Isaiah 49:5-6 “And now the Lord says—he who formed me in the womb to be his servant to bring Jacob back to him and gather Israel for himself, for I am honored in the eyes of the Lord and my God has been my strength—he says: ‘It is too small a thing for you to be my servant to restore the tribes of Jacob and bring back those of Israel I have kept. I will also make you a light for the Gentiles, that you may bring my salvation to the ends of the earth.”
From the very moment that Jesus was conceived, the Lord was putting him together in such a way that he should answer this calling to serve as a light to the Gentiles. Just think of the ways in which Jesus was already acting as God’s servant before he was born. When Mary went to visit Elizabeth after Gabriel announced that she would carry the Savior of the world, Elizabeth immediately rejoiced. She was strengthened in her faith to be in her Savior’s presence. John the Baptist leaped for joy inside Elizabeth because he was in his Savior’s presence. From the very beginning God was using Jesus as his servant.
Look at how Jesus served God’s purposes from the moment he was born. The baby Jesus preached no sermons, but his very presence increased the faith of lowly shepherds. He turned them into missionaries, and moved them to praise God. As an infant he did the same thing for old Simeon and Hannah in the temple. Before he could speak a word he was a light to those around him.
There are several different purposes a light can serve. We usually use them to help us see. But in times past there has been another common use for lights. They serve as a beacon or marker. They mark a spot so that we can find it, like a lighthouse marks the shore line or runway lights show where the runway is.
Jesus served as this kind of light when the Lord called him to bring Jacob back, to gather Israel to himself. Although these people had turned their back on him time after time, God still wanted to gather them to himself. Jesus was the beacon who showed them where to go.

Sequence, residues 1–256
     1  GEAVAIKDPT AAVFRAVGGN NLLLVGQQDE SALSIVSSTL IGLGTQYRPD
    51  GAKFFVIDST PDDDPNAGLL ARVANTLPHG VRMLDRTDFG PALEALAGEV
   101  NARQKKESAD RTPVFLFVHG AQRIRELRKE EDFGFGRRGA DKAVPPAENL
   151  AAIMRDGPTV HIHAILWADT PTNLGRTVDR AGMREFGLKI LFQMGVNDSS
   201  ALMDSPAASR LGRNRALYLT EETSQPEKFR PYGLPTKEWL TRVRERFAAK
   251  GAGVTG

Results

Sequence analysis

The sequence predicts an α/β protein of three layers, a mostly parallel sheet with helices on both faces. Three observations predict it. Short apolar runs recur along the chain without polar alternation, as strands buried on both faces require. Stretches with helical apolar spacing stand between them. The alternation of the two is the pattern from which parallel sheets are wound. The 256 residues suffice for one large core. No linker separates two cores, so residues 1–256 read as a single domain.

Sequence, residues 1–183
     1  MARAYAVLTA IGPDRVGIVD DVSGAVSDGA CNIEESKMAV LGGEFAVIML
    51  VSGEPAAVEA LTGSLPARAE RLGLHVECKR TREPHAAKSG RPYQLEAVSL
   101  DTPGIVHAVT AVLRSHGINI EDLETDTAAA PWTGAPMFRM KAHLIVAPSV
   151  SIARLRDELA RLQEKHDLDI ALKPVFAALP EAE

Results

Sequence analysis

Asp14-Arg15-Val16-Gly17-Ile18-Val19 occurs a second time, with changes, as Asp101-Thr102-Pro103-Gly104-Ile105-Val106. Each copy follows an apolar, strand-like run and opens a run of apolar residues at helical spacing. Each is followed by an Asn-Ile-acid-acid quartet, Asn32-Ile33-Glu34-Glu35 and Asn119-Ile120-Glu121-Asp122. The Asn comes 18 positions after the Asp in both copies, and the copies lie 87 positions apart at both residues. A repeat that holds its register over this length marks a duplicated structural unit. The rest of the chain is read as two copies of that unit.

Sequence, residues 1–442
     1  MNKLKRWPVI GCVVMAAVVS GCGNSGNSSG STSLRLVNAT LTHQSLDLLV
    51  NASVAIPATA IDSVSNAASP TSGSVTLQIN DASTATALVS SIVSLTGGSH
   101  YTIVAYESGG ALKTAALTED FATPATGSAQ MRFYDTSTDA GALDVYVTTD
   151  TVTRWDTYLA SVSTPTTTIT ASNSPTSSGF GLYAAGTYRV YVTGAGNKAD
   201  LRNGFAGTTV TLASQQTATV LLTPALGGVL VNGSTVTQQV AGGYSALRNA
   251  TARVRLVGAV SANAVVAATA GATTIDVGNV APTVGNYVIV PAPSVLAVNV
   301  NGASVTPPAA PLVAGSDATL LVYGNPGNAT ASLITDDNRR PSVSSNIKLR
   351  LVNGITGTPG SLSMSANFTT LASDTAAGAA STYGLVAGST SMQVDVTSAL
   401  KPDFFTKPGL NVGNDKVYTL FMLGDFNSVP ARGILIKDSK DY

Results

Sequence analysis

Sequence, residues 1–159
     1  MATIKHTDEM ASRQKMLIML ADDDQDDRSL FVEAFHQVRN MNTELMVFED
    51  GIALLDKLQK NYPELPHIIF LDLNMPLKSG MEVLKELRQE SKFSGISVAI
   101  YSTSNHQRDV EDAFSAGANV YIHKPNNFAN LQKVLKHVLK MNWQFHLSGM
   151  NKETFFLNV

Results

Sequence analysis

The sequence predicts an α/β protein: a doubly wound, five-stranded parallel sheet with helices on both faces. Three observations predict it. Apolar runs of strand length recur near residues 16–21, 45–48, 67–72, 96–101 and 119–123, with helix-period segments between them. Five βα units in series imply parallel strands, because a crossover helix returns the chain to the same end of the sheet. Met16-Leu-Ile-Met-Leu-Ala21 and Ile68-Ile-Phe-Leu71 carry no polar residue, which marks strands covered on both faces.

It was never God’s intention to share the Gospel with just one nation. When he chose Abraham’s family as his chosen people, he promised that through Abraham ALL nations on earth would be blessed. Jesus’ light led all nations to their God.
Not everything Jesus went through to be the light to the Gentiles was pleasant. Isaiah describes him as one who was despised and abhorred by the nation. Throughout his life Jesus was challenged and despised by the ruling groups in Israel: the self-righteous Pharisees, the liberal Sadducees, the Sanhedrin, the priests.
By the time Good Friday came, it seemed as if the whole nation had turned against him. His twelve best friends betrayed, denied, or deserted him. Common criminals mocked and insulted him. God himself turned away from the pitiful sight of Jesus on a cross. His death was not a pleasant sight. Isaiah later describes him as one who was despised and abhorred.
But as the last little flame of life in him flickered and failed, at just that moment the light of the world was blazing away, finally making it clear just how God would save all people. His death may have been very humble, but it shows all the world the glory of God’s love. It lights the only way back to the Father, the only way to heaven.